An official army family and MWR Site

Soldier and Family Readiness

  • SFRG Workshops

    SFRG Workshops

  • Command Family Readiness Representative (CFRR) Academy

    Command Family Readiness Representative (CFRR) Academy

  • SFRG Informal Fund Custodian Training

    SFRG Informal Fund Custodian Training

  • SFRG Key Contact Training

    SFRG Key Contact Training

  • SFRG Essentials Training

    SFRG Essentials Training

  • CARE Team Training

    CARE Team Training

  • Auditing Your SFRG Informal Fund

    Auditing Your SFRG Informal Fund

  • Portable Class Delivery

    Portable Class Delivery

  • Leader's Deskside

    Leader's Deskside

Fort Carson Army Community Service is here to serve the Soldier and Family Readiness community of SFRG members, volunteers, Command Family Readiness Representatives (CFRRs) and commanders/Rear Detachment commanders.

Find an SFRG class today!

Check out our Mobilization & Deployment Program Flyer- Supporting Soldiers & Their Families in Military Readiness

Soldier and Family Readiness

What is Soldier and Family Readiness?


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The Department of Defense defines Family readiness as the state of being prepared to effectively navigate the challenges of daily living experienced in the unique context of military service.

The Army is comprised of nearly one million Soldiers across all components and has roughly 1.3 million Family members. The strength of the Army hinges on their collective readiness. Army Families make selfless contributions every day to support Soldiers and Army readiness. Army Families endure challenges unique to military communities, such as frequent Soldier deployments for operational, contingency or training missions around the world.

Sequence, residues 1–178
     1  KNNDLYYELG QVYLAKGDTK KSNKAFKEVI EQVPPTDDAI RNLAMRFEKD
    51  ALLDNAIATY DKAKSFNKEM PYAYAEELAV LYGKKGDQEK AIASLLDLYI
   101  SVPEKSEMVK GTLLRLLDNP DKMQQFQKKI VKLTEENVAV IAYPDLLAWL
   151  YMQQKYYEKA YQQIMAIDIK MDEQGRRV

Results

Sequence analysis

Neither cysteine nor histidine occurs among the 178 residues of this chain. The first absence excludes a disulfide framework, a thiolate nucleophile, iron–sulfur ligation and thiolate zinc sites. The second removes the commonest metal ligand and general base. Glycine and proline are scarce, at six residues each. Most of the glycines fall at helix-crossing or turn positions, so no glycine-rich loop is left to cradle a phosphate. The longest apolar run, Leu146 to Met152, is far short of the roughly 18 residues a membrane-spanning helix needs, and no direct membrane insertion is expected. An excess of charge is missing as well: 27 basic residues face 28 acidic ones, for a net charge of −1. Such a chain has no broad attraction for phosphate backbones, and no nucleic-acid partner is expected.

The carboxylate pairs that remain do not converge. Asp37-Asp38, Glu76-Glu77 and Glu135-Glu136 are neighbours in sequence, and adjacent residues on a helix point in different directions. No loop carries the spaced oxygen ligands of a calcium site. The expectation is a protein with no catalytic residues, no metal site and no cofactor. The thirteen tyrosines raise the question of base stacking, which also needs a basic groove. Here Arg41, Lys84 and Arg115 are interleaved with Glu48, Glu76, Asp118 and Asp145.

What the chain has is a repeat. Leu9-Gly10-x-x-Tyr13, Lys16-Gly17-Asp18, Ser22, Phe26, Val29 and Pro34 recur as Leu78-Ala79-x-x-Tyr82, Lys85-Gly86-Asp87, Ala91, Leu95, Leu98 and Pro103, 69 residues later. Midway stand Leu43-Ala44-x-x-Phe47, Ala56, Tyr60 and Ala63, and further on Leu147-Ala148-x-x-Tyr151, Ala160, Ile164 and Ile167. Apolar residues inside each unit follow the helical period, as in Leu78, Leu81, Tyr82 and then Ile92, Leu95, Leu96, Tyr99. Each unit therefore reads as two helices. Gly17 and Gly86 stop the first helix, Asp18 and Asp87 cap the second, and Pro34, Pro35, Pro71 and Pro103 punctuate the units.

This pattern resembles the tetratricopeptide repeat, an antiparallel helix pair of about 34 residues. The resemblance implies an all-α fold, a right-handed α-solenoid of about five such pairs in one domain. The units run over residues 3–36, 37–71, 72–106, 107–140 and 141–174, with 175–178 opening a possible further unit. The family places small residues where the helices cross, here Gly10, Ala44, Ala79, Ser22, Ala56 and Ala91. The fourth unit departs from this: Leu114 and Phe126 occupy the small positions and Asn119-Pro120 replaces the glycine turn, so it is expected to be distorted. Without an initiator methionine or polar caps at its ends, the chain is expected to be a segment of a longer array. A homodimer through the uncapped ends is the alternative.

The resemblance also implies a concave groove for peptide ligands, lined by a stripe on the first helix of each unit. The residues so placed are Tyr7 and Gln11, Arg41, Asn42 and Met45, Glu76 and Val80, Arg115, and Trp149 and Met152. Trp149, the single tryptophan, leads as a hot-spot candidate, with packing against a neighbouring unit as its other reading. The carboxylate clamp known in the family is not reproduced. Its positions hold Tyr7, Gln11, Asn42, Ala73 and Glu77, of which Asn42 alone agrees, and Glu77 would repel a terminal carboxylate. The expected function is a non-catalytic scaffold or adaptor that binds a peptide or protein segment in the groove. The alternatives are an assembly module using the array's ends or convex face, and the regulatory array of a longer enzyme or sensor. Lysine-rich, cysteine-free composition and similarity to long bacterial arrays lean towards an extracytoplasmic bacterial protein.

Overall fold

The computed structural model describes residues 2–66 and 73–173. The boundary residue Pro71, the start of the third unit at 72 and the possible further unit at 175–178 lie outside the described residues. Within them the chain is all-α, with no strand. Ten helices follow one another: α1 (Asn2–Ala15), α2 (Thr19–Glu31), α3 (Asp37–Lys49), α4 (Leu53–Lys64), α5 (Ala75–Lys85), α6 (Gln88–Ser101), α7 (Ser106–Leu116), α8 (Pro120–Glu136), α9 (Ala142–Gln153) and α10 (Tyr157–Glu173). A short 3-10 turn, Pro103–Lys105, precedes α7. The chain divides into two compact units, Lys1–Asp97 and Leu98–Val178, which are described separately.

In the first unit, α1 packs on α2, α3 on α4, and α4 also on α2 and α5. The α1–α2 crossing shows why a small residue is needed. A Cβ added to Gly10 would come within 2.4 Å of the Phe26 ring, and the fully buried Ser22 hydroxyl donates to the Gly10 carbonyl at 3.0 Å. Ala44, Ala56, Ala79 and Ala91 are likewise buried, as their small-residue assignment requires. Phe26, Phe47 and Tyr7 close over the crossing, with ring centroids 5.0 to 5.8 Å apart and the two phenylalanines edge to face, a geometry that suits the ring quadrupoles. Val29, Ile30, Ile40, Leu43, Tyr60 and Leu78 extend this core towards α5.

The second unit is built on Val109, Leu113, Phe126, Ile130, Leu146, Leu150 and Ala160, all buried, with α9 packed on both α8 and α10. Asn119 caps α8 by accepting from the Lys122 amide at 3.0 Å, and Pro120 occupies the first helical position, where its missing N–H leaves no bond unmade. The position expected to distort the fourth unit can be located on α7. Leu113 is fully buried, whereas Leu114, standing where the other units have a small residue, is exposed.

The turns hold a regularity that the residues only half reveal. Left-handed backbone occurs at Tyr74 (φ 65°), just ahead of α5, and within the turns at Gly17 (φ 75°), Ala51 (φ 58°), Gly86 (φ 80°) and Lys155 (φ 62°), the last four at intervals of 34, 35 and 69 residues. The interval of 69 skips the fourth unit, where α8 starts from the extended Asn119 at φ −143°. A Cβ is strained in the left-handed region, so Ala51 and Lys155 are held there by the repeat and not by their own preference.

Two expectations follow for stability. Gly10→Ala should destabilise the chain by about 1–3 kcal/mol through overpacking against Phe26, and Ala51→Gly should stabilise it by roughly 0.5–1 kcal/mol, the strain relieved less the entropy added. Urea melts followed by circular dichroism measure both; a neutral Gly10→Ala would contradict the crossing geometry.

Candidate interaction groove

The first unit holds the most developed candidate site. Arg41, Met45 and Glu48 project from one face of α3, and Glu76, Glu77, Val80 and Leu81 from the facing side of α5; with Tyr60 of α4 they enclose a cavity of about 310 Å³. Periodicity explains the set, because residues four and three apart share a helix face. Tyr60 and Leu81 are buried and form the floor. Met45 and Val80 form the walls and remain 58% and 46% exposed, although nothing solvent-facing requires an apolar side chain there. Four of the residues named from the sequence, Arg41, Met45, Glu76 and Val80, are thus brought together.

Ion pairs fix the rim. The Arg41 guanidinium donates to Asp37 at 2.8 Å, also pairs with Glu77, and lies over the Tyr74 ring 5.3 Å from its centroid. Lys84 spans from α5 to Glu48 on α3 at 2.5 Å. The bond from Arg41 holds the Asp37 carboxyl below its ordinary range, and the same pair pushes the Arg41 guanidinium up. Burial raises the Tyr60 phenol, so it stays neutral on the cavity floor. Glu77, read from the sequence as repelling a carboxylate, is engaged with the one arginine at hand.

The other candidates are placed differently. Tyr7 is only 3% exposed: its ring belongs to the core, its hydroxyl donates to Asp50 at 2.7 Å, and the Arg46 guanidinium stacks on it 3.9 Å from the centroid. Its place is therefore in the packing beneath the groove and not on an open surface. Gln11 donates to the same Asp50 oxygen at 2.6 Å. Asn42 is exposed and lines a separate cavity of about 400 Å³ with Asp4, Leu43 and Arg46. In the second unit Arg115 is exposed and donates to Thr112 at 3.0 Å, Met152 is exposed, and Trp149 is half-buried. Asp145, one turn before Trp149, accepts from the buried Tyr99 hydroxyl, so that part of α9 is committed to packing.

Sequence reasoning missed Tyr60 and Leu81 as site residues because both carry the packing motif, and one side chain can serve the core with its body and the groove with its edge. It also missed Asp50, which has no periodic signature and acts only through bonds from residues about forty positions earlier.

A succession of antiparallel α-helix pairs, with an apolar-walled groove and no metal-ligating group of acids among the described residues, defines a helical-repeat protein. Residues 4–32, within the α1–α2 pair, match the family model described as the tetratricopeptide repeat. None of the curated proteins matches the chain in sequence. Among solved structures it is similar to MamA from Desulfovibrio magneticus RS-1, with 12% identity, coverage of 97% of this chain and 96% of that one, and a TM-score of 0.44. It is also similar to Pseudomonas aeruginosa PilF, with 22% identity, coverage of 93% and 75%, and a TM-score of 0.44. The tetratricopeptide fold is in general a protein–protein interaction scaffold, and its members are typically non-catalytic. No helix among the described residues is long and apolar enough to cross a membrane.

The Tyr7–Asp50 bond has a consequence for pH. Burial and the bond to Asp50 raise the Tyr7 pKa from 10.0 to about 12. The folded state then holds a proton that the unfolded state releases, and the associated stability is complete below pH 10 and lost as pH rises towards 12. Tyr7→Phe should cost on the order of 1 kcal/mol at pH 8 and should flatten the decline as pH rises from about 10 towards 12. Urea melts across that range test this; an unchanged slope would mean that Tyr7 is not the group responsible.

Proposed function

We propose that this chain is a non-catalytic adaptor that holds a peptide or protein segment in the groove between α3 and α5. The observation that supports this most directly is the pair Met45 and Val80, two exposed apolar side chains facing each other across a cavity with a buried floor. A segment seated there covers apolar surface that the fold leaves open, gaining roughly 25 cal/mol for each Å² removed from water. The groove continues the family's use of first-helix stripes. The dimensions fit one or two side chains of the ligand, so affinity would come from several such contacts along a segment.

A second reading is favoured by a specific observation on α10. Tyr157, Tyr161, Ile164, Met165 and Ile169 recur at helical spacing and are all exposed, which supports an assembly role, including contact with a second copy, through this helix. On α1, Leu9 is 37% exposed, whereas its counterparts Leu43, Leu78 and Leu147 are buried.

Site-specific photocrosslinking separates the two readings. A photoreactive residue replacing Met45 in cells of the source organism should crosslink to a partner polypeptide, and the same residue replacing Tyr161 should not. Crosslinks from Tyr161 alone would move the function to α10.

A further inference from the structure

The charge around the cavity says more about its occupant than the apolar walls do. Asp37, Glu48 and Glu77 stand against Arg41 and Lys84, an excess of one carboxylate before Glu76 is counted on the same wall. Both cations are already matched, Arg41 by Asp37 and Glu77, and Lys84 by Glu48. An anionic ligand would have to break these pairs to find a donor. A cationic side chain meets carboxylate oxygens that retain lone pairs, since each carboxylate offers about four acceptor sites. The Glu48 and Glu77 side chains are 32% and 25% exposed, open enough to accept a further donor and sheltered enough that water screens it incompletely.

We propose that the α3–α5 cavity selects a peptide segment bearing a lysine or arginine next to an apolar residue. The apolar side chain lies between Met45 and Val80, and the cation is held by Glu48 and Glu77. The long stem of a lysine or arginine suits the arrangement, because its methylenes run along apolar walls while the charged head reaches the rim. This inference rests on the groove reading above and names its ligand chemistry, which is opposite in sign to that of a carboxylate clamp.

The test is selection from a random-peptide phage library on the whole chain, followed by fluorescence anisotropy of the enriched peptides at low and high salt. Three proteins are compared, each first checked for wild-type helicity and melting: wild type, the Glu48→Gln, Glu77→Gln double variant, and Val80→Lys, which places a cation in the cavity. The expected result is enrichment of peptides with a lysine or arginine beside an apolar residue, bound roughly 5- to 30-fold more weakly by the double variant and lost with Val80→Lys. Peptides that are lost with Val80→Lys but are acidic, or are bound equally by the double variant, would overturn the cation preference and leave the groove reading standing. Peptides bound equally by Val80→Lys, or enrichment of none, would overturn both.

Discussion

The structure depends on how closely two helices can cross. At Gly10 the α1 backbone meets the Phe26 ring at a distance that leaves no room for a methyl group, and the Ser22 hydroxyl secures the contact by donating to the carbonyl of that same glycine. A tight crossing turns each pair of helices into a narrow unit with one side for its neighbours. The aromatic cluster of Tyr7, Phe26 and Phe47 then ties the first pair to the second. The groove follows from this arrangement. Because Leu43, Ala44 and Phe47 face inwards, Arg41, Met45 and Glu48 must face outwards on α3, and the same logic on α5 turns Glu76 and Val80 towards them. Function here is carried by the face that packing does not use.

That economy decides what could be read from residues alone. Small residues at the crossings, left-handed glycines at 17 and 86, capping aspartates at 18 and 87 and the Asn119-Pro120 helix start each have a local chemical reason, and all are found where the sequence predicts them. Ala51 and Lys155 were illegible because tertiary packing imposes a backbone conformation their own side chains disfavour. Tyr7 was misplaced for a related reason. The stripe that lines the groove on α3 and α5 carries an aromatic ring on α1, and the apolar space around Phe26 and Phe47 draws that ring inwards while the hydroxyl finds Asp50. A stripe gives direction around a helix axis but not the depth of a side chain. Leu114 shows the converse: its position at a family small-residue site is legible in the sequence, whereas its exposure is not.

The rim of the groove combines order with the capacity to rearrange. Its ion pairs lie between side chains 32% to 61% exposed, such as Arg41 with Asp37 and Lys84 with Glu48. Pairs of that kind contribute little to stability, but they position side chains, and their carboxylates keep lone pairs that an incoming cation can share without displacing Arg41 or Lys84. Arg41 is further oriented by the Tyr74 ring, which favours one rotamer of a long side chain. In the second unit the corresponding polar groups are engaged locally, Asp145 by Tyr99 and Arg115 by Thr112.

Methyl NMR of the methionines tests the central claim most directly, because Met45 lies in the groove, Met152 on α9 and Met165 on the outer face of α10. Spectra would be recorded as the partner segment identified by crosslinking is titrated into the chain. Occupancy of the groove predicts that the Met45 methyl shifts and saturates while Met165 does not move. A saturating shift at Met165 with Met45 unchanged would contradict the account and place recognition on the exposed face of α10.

Soldier & Family Readiness Groups (SFRGs)


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A Soldier/Family Readiness Group is a command sponsored organization of Family members, volunteers, Soldiers, and civilian employees belonging to a unit, that together provide an avenue of mutual support and assistance and a network of communications among the Family members, the chain of command, chain of concern, and community resources.

The Family Member:

Unit Soldier & Family Readiness Groups (SFRGs) foster a sense of belonging to the unit and community, and provide a vehicle for Families to develop friendships while they gain information about the unit and community. In addition, they provide information and referral, and share support during deployments. Through successful SFRG efforts, many spouses have developed a more positive attitude toward themselves, a better understanding of why deployments are necessary and the Army mission to maintain readiness.

The Soldier:

SFRGs provide support that communicates command caring, genuine care, and as open and honest communication as possible. This allows Soldiers to trust in that care, which enables them to concentrate on the mission at hand, and have the emotional readiness to carry out that mission. SFRGs help develop a confidence in Soldiers that Family members will receive reliable and friendly support when the Soldier is away. This can be a meaningful stabilizer for Soldier performance in the unit, and an enhancer of training and psychological readiness to fight.

Roles within the SFRG

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The commander serves as the Soldier and Family Readiness Group (SFRG) Leader.  Army Command Policy 600-20 (24 JUL 2020) and The Army Leader’s Desk Reference for Soldier/Family Readiness provides specific guidance for the command roles. Additional material is provided in the SFRG Command Team Training.  

  • Commander
  • First Sergeant
  • Command Sergeant Major

Command Family Readiness Representative (CFRR):

The CFRR serves as the commander's representative to ensure the free flow of information and support between the unit leadership, its volunteer base, and unit personnel to include Family members.  Provides:

  • Operational (primary advisor to the SFRG on all military matters), administrative (ensure SFRG rosters are up to date), and logistical support (coordinate volunteer training) to the SFRG leadership. 
  • Monitors and maintains oversight of the Command Soldier and Family Readiness Program. 

CFRR duties are assigned by the commander.